However, maybe your logs can reveal a bit more… Boot your machine once and when it is booted (obviously, with the error), directly shutdown without doing more than that.

Then, boot again, and from the terminal, enter journalctl --boot=-1 > logfile → this creates a file named “logfile” with the logs of the then-last boot, which will be then the one boot that contains nothing but the boot & shutdown.

You will need to use a usb drive or something like that to copy the log file to the machine where you can upload it.

Feel free to anonymize data you consider private (e.g., MAC address, user name).

Also, let us know the output of df -h (for this, a screenshot is sufficient).

Interesting. Let’s see what the logs tell…

I am using Fedora Workstation 36 (GNOME)

Logfile

Summary
Dateisystem    Größe Benutzt Verf. Verw% Eingehängt auf
devtmpfs        4,0M       0  4,0M    0% /dev
tmpfs           3,7G       0  3,7G    0% /dev/shm
tmpfs           1,5G    2,0M  1,5G    1% /run
/dev/dm-0       119G    117G  1,5G   99% /
tmpfs           3,7G       0  3,7G    0% /tmp
/dev/dm-0       119G    117G  1,5G   99% /home
/dev/nvme0n1p4  974M    315M  592M   35% /boot
/dev/nvme0n1p1  256M     40M  217M   16% /boot/efi
tmpfs           754M     68K  754M    1% /run/user/42
tmpfs           754M     56K  754M    1% /run/user/1000
onedriver       5,0G    3,7G  1,4G   74% /home/kevonfernando/OneDrive

Your logfile link seems to be password protected.

However, your df -h indicates that your system subvolumes are indeed widely full (>99%). So I suggest to get rid of some stuff to free space, and then reboot and check if the problem remains. Given that we know that this error will be produced if GDM/GNOME have no space left, I assume the nearly full system subvolumes are no coincident.

I assume you have a btrfs with / and /home being subvolumes of this btrfs? If this is the case, you can reclaim space at both the / and /home mount points: it will free space on both.

I am still wondering that no logs were removed. However, there are other possibilities to free space, too.

I guess you do not have 115 GB of applications. Maybe clean your Download or Video directory, or remove packages you do no longer need. You can find much incentives here and on the Internet about how to free space on Fedora. dnf autoremove can free a lot but you should check the list of packages it wants to remove, just to be safe (I keep always the list of packages it will remove to be able to reinstall them if I experience an issue later).

Alternatively, it can make sense to increase your btrfs volume, or to create a new file system for one of the system mount points (and move any content within to the new). But the latter has to be done with a live system. Concerning the increased btrfs volume, if you use multiple devices in one btrfs volume in which you store relevant data, you might read the comment of @chrismurphy about creating redundancy for file system meta data here (be aware that this does not replace a backup of critical data or so).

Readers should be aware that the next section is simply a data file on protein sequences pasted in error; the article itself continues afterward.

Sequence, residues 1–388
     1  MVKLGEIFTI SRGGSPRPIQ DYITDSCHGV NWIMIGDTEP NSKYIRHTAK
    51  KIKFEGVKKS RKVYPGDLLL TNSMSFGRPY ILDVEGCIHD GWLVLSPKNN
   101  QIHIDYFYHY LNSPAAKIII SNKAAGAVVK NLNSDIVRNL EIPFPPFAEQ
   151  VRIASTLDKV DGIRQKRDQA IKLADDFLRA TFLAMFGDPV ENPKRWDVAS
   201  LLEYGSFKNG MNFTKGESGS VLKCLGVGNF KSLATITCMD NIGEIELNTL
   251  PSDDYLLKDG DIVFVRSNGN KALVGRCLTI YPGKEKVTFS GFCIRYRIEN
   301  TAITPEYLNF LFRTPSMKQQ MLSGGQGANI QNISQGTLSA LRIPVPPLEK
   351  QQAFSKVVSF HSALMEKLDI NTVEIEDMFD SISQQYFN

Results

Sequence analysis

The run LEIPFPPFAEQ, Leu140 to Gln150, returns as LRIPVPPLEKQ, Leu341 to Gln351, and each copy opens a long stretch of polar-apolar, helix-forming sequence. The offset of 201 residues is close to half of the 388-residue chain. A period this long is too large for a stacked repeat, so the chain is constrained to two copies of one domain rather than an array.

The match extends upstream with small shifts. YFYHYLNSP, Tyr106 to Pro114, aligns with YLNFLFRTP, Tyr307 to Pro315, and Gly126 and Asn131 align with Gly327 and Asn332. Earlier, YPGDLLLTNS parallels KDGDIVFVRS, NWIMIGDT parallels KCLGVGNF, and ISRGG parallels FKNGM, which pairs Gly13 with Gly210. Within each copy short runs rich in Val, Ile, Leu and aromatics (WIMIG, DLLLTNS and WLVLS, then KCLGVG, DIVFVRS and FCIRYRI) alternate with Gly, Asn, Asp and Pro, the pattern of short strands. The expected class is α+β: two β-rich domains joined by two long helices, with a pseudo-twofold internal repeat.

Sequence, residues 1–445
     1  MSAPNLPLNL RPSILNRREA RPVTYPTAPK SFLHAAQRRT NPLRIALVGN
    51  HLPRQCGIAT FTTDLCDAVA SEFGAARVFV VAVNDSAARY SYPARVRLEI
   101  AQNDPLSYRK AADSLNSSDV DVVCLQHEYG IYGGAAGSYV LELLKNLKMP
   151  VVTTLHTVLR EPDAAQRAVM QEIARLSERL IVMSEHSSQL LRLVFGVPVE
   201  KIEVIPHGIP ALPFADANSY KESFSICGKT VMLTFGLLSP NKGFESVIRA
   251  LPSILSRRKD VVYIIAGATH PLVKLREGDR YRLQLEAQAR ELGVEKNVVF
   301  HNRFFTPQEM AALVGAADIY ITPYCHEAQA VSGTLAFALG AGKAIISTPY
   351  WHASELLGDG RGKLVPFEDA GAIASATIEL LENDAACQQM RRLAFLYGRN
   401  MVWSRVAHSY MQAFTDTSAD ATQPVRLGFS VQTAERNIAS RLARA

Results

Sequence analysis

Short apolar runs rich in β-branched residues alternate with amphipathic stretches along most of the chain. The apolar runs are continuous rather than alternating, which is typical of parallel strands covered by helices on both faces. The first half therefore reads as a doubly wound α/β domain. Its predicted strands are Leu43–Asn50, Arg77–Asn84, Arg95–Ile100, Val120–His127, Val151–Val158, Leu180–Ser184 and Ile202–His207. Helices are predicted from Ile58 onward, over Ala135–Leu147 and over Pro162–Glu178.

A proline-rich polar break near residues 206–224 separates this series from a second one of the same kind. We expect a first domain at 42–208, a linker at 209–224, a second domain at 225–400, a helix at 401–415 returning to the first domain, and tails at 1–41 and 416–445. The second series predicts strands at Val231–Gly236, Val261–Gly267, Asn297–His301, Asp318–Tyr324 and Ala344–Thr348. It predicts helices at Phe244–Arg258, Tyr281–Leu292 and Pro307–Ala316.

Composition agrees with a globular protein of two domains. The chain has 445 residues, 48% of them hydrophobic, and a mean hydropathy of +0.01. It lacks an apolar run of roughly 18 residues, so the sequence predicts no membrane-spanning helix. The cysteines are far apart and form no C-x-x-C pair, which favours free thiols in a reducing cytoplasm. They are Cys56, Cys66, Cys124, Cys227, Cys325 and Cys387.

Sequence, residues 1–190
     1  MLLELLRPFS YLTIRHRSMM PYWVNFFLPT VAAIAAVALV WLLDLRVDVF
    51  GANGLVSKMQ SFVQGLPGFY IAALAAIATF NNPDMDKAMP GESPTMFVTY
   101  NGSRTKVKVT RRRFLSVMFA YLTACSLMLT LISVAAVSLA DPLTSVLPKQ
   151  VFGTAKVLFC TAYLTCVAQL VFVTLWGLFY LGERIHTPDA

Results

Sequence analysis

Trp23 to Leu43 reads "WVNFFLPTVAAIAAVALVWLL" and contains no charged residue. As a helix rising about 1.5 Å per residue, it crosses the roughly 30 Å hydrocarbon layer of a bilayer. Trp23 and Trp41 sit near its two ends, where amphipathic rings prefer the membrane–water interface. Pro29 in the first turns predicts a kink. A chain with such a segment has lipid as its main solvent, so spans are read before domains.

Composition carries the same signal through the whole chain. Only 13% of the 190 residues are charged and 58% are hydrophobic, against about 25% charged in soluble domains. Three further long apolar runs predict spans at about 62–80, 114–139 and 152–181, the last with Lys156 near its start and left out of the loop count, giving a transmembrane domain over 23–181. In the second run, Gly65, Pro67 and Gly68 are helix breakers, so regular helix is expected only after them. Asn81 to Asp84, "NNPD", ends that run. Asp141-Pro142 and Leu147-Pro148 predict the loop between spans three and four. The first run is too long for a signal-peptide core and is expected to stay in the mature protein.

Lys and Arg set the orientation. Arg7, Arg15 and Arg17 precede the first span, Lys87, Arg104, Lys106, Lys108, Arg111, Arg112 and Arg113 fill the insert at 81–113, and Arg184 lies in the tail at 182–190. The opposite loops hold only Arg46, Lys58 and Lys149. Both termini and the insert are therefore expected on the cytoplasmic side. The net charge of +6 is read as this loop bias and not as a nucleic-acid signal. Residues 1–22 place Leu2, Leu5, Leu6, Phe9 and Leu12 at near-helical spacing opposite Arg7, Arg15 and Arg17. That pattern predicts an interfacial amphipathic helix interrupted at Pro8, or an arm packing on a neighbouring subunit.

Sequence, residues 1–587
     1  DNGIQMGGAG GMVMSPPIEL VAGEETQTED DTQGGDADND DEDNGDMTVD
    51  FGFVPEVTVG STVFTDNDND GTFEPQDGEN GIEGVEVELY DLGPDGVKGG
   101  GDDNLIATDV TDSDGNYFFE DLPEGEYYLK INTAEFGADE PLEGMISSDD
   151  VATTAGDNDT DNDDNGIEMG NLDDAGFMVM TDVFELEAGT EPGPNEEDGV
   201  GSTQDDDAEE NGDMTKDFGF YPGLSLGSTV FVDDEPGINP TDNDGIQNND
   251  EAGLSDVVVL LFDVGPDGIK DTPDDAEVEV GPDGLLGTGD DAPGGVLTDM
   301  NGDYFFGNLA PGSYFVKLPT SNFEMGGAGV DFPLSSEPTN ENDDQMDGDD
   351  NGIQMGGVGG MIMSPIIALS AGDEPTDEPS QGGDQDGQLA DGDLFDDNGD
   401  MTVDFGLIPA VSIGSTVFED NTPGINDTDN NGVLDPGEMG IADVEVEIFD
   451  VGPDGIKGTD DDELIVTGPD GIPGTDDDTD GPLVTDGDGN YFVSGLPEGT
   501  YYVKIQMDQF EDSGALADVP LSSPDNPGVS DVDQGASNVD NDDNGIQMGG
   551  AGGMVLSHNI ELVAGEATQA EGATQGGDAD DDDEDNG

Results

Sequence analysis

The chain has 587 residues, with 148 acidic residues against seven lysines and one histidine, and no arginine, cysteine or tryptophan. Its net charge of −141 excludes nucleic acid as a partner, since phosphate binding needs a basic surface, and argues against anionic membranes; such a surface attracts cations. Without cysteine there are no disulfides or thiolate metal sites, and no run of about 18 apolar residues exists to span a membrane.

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I would search through / and see what are the largest files or directories and start cleaning there.

Often the journal takes up a lot of space, (or Trash, or cached packages in /var/cache/PackageKit). Another candidate to use up a lot of disk space are flatpaks (/var/lib/flatpak).

Run the following to find out what’s taking up all the space

LANG=C sudo du -aBm / 2>/dev/null | sort -nr | head -n 25

If the journal has grown big, you can clean it using

journalctl --vacuum-size=500M

As for journal rotation (normally no need to perform this manually), you can set in SystemMaxUse=500M in /etc/systemd/journald.conf and your journal won’t grow above 500M.

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Oh yeah sorry totally forgot that. The password is fedora123

We already tested --vacuum-time=7d , I guess the remaining is not >500M given the log amount. However, it would be still interesting to see if there is a difference with vacuum-size=500M because there were 0B freed with vacuum-time=7d, which made me wondering. Btw, Kevon, I guess your system is older than 7 days? Or have you already cleared the logs recently? Let us know if --vacuum-size=500M behaves different than vacuum-time=7d.

I skimmed through your log and compared it to the other case (as far as the other topic documents logs). I think we should stick with our approach: free space or add devices.

I believe I had Fedora now for nearly a year, so yeah it should be older than 7 days :smiley:

So this actually made a difference. With --vacuum-size=500M it freed about 100M of space.

This does not seem to work. I deleted a bunch of flatpaks and a large backup I had on my home folder and I still run into that same error screen. df -h also says now that there is now 30% free on the root folder. Also increasing the volume size is not really feasible for me.
I really just feel like reinstalling it at this point to get it over with honestly.